Today I was cataloging some recent arrivals for our government documents collection for which we had failed to receive (at least to date) records from Marcive. One of these documents was a map of the Holly Springs and Tombigbee National Forests in Mississippi which is near the area in which I grew up. As I began to look at the map, I noticed that they had labeled U.S. 78 not only U.S. 78 but also Interstate 22. Now, those of us who have travelled that road frequently know that the corridor is the "Future I-22" so I was a bit surprised to already see its new moniker on an official government map.
As I began to think about this, I thought of all the street name changes I've encountered over the years. For example, the 1930 census of Amory, Mississippi includes the street names for the town, but they do not match up with present-day street names. I was eventually able to pinpoint most of the locations by asking my parents. Even they did not remember the old names for the streets, but they were able to tell me the locations of the streets when I told them who lived on the streets. I'm sure that if I'd gone to the trouble of locating an older map of the town that I might have been able to find the names of the streets and then compare to a newer map to identify the present-day locations. After all, there was a "first time" that the new name appeared on a map.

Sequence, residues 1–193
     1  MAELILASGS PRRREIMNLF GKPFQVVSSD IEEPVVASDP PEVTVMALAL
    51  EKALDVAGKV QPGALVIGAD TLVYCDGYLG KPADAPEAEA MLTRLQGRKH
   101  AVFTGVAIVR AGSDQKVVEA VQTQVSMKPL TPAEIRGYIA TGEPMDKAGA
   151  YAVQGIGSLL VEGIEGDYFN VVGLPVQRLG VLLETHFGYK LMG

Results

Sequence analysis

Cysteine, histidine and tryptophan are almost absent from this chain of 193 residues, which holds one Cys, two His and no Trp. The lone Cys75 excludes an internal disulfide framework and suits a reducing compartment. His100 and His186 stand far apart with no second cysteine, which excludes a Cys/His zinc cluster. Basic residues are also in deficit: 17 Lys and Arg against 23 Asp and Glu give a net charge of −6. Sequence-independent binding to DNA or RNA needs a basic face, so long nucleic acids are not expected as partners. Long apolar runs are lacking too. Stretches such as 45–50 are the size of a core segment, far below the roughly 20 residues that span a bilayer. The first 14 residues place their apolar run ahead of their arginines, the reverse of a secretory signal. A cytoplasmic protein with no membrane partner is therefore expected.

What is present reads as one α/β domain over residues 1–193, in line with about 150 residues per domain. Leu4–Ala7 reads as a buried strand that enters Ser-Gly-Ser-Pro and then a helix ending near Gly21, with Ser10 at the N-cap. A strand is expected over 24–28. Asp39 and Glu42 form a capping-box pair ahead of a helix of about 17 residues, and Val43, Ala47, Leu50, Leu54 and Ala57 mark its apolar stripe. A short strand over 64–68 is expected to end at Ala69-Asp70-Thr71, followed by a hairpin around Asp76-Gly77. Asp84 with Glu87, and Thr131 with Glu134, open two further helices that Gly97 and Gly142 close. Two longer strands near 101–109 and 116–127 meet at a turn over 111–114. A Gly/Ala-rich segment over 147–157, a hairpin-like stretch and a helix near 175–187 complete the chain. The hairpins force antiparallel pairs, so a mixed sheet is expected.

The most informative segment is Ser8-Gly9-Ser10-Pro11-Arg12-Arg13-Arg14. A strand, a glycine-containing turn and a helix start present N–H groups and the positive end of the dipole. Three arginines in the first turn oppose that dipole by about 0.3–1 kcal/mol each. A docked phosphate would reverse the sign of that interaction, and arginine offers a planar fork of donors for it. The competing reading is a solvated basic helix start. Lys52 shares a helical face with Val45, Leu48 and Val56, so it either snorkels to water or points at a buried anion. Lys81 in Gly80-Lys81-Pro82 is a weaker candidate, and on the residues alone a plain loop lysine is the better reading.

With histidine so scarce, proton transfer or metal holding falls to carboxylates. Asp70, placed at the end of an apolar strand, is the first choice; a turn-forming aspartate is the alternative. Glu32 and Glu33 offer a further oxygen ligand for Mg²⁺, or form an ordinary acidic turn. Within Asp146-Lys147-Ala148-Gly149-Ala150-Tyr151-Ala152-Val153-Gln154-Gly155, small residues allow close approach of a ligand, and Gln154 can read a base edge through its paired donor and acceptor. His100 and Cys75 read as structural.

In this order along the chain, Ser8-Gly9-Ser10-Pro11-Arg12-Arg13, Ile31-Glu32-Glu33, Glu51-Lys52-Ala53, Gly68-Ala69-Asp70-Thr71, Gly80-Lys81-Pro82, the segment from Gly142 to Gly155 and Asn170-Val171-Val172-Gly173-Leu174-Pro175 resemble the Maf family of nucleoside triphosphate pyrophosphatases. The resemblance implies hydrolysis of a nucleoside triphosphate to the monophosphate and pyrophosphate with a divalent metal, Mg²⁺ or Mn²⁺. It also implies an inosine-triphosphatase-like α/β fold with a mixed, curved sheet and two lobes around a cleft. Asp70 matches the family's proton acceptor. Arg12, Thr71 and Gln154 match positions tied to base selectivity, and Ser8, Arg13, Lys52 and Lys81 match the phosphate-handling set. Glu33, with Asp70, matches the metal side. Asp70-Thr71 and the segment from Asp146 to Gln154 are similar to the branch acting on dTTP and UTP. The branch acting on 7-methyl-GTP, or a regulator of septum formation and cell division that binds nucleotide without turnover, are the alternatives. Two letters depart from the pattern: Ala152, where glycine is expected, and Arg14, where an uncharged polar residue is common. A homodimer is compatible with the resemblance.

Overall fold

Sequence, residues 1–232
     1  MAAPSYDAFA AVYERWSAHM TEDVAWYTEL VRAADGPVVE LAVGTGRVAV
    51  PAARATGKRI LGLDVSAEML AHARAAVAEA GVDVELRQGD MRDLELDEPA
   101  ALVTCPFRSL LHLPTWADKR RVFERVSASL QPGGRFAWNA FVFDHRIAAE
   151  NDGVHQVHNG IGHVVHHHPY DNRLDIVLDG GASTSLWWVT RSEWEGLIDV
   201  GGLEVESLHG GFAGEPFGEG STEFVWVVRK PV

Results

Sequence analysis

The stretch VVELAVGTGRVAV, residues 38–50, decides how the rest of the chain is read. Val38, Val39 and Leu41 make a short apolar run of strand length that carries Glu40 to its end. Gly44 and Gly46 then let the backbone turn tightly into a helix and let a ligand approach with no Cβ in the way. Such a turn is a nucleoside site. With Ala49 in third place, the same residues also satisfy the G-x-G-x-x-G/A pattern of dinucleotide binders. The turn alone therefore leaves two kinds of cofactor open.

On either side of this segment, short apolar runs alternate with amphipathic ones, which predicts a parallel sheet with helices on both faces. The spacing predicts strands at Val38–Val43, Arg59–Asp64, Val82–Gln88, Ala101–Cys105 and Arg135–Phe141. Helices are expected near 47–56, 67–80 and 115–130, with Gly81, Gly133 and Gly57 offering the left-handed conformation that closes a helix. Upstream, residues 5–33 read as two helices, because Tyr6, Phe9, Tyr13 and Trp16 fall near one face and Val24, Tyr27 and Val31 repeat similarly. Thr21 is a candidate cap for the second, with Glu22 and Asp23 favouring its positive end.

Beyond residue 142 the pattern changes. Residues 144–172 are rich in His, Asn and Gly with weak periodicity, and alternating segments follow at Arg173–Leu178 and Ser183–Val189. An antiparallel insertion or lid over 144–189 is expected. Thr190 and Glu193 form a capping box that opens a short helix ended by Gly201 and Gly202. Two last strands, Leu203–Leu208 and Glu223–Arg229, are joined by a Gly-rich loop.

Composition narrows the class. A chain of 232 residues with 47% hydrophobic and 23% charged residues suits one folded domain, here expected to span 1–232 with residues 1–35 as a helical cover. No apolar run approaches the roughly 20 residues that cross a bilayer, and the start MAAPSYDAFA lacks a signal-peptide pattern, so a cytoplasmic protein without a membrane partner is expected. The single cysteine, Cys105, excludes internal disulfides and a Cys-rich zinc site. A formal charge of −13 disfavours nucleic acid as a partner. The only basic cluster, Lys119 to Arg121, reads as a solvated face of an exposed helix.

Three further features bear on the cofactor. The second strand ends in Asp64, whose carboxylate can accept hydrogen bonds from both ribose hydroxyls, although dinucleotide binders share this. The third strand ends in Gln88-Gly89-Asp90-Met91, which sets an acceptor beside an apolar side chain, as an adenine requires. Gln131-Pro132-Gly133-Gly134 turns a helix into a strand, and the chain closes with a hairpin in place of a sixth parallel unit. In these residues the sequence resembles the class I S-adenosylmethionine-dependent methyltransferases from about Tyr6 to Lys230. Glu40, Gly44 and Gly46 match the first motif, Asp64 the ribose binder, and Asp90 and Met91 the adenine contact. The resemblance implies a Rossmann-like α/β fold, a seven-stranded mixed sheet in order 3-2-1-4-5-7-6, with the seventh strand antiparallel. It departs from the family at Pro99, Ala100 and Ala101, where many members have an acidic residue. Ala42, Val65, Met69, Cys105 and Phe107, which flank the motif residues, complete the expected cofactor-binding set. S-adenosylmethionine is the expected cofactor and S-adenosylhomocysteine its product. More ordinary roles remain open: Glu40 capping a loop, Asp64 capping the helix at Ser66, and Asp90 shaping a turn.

By the way, this particular national forest map would be useful for persons researching areas near the national forests because it shows the sections, townships, and ranges for of not only the forest itself but also the nearby land. The main part of Holly Springs National Forest shows significant portions of Benton, Marshall, Union, Lafayette, and Pontotoc Counties. The Yalobusha Unit for that county shows a large part of Yalobusha County and a small part of Grenada County. For the Tombigbee National Forest, the Trace Unit map shows a large portion of Chickasaw County, some of Pontotoc County, and a couple of sections in Lee County. The Ackerman Unit map shows a significant amount of Winston County and parts of Choctaw and Oktibbeha Counties. The interesting thing is that landmarks such as churches are also identified on the map as well as bodies of water (down to the creek level).